If you think Van Helsing would start with our hero, maybe tracking down some minor vampire in his hunt for the grandaddy of them all, you would be wrong.  Instead, we get a black and white flashback of Dr. Victor Frankenstein (Samuel West) bringing his famous monster (Shuler Hensley) to life.  Unlike any previous source material related to this tale, Dr. Frankenstein is working for Count Vladislaus Dracula (Richard Roxburgh) in order to uncover the secret of life.  What ruins this achievement are Dr. Frankenstein’s attachment to his creation, not wanting to see it used for ill, and an angry mob storming his castle.  When the monster arises, it scoops up the now dead Dr. Frankenstein, having fallen victim to Dracula’s rage, only to flee to a windmill set ablaze where he presumably dies.  Fast forward a year, now in color, and we finally get to me Gabriel Van Helsing (Hugh Jackman).  Not Abraham.  Gabriel.  He is how on the trail of Mr. Hyde (Robbie Coltrane), a mission given to him by a secretive order of knights run by the Catholic Church known as the Holy Order.  If you have not figured it out by now, they are doing all the monster legends.  At any rate, Gabriel is meant to bring in Mr. Hyde alive so they can return him to his normal Dr. Jekyll form.  Unfortunately, he falls from the heights of Notre Dame Cathedral in a bid to avoid capture, and dies.  Gabriel goes back to Rome empty handed, but is immediately given his next mission to take down Dracula, with whom he is apparently unfamiliar.  He decides to take Q, er, I mean, Friar Carl along with him, and all the late nineteenth century vampire killing gadgets on which he had been working.  When they arrive in Transylvania on their Spanish galleon (trains? anyone?), they do not receive a warm welcome.  The de facto leader of the village they show up in, Anna Valerious (Kate Beckinsale), tells them that they do not need any help.  This is proved incorrect when moments later, during a spell when the sun becomes hidden behind clouds, Dracula’s female vampire henchwomen attack the villagers.  Despite Gabriel proving his mettle, Anna still wants to take on Dracula alone, but Gabriel and Carl hang around anyway.  That night, Anna’s home is visited by her brother Velkan (Will Kemp), who is now a werewolf . . . but becomes human again when the moon is behind the clouds?  Anyway, this bit of plot convenience gives Anna a warning about Dracula’s plans, spurring them to action.  Thus, Anna and Gabriel venture into Dracula’s lair, where the head honcho with fangs is attempting to recreate Dr. Frankenstein’s experiments using Velkan’s monster energy.  He is doing this to bring to life a number of little vampire babies that are waiting to hatch in fleshy cocoons in the basement, and guess who happens to wander through just as they open?  Thankfully, they all explode not long after because Velkan’s whatever is not enough to keep them alive for long.  In Anna and Gabriel’s escape, they stumble upon a still alive Frankenstein’s monster.  They try to convince him to come with them, but he is reluctant because he knows that he is the key to Dracula’s plans.  Gabriel eventually convinces him to come, saying that his order will protect him.  On the way to Rome, this time by horse drawn carriage (did anyone care that trains existed at this time?), they are accosted by Velkan in werewolf form and Dracula’s ladies, who manage to abscond with the monster.  In the process, Gabriel is bitten by Velkan, meaning he will turn into a werewolf at the next full moon . . . which comes every three days.  Sigh.  However, Carl informs Gabriel that this will be an asset because the only thing that can kill Dracula is a werewolf.  Luckily, too, Dracula just so happens to have a cure for being a werewolf.  Right, so, our intrepid three find their way to Dracula’s real castle, which, as far as I can tell, is somehow in another dimension.  Anna and Carl are tasked with finding the wolf medicine, Gabriel takes on Dracula at the appointed hour, Frankenstein’s monster is freed, and they make sure to get the medicine into Gabriel before he gets flees, I guess.  Unfortunately, Gabriel kills Anna as she injects the serum.  In any case, everyone else presumably lives happily ever after.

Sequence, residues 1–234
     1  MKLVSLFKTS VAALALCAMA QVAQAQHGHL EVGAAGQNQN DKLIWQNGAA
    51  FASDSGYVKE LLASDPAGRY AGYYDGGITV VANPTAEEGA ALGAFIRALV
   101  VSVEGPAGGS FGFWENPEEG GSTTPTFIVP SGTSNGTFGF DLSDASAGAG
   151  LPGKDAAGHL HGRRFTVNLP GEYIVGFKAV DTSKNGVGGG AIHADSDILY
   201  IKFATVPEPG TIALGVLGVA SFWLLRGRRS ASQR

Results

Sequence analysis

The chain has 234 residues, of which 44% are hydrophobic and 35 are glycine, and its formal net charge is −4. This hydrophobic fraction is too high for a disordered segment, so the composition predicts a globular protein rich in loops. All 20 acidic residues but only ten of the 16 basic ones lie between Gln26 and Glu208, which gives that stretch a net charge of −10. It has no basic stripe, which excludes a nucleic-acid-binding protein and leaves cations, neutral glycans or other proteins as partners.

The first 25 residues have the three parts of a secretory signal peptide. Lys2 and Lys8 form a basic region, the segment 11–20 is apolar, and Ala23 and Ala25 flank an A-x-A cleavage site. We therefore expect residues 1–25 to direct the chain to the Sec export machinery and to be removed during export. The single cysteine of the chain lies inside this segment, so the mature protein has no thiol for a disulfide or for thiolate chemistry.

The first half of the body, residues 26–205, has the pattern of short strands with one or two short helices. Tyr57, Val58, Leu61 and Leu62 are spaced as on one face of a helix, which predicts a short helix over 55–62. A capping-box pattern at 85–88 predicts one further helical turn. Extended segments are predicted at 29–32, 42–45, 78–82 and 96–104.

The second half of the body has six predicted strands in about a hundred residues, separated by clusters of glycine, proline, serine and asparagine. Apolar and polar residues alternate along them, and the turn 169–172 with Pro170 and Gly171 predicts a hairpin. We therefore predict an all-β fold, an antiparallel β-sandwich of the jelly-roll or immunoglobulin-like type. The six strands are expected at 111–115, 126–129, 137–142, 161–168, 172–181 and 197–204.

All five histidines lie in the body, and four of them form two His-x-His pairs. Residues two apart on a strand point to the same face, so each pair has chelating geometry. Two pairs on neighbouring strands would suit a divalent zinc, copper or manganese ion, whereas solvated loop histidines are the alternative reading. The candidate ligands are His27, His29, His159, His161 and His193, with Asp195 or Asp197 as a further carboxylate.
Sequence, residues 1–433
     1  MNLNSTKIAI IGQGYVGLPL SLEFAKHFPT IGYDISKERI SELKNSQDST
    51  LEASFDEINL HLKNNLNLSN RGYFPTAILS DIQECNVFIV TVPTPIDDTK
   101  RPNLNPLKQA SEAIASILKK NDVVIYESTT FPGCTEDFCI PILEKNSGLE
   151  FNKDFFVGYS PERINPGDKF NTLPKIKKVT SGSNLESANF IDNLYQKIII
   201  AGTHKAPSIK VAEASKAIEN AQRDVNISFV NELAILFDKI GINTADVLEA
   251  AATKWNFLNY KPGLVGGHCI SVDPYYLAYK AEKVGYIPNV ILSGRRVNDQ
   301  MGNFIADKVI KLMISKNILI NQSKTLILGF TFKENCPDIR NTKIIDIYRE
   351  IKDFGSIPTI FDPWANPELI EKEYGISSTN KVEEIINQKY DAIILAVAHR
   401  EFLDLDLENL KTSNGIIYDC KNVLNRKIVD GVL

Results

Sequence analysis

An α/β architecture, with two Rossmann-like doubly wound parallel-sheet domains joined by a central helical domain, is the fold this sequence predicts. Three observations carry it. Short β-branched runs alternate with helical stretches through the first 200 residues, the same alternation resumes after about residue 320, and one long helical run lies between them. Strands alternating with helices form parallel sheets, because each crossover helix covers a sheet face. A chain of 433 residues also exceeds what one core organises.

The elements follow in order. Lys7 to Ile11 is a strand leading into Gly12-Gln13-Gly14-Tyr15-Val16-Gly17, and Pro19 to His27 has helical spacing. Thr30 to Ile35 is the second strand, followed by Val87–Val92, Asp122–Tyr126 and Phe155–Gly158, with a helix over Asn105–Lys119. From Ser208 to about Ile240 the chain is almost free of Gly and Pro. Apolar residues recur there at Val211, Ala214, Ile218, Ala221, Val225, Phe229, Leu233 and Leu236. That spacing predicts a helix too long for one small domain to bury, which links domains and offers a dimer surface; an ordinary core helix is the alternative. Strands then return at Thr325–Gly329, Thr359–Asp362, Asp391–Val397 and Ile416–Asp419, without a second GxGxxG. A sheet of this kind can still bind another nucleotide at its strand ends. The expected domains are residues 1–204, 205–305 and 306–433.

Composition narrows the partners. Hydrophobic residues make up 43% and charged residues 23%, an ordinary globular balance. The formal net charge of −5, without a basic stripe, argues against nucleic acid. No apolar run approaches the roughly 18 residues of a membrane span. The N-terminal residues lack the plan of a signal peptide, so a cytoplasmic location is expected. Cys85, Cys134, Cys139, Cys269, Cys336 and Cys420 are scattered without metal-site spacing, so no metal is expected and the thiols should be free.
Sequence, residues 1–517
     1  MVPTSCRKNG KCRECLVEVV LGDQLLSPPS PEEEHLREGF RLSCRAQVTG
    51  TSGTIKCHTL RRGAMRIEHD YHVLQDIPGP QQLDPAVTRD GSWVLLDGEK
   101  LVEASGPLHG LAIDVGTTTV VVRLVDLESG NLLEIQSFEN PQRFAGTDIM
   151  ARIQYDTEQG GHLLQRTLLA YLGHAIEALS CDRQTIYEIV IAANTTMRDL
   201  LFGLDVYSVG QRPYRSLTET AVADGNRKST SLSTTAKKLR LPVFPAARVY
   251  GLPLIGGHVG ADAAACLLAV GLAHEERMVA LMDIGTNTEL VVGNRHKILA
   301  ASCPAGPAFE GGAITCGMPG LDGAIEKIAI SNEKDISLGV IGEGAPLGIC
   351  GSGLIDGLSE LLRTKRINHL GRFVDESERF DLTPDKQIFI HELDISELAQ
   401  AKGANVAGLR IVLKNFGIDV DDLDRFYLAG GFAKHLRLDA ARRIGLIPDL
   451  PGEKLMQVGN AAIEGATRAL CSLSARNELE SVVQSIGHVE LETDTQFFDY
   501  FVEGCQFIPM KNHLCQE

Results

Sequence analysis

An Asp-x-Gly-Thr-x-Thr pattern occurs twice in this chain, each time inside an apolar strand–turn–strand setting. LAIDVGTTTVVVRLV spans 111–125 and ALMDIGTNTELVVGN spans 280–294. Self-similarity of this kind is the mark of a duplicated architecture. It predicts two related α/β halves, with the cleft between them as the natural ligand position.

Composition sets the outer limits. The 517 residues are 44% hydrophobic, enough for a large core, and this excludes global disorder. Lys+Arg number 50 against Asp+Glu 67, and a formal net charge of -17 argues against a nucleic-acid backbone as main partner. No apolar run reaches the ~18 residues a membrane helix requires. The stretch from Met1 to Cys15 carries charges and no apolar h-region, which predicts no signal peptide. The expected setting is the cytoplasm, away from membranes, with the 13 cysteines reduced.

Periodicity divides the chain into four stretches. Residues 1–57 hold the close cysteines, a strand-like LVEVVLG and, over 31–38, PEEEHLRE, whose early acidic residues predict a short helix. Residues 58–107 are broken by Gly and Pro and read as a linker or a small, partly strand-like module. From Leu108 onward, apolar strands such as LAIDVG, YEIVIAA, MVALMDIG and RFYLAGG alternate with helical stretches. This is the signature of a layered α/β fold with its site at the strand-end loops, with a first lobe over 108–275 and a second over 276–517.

The word “presumably” could be used a lot when talking about Van Helsing.  I have already hinted at a few of the logic leaps the film wants you to make in regards to travel.  One could say it is not as big a deal that they take a ship from Rome to Transylvania.  They could have shown any mode of transportation, I suppose, but had they gone by train, then you would be asking yourself while watching them undertake getting the monster to Rome why they would not go back the same way?  There are physics defying stunts, automatic crossbows I thought I had left safely behind in Robin Hood (2018), and the aforementioned nonsensical moon cycles.  However, there is a major plot point that I feel is not carried through, and its mere mention serves only to distract the viewer to no purpose.  It starts when Gabriel is given a bit of scroll with a symbol on it that matches the ring he wears.  This turns out to be a missing piece of the gateway in Anna’s home that leads to the apparent other dimension where Dracula resides.  It is a clue that there might be more to Gabriel’s background than we have been told to this point.  Dracula adds further tantalizing tidbits by claiming that Gabriel is the one who killed Dracula 400 years ago, paving the way for the count to become a vampire.  Is it true, or a lie that Dracula told to mess with Gabriel’s head?  Who knows?  We are not given a moment where, if it is part of Gabriel’s past, his memory is unlocked and he sees this event unfold.  It is simply stated and never paid off.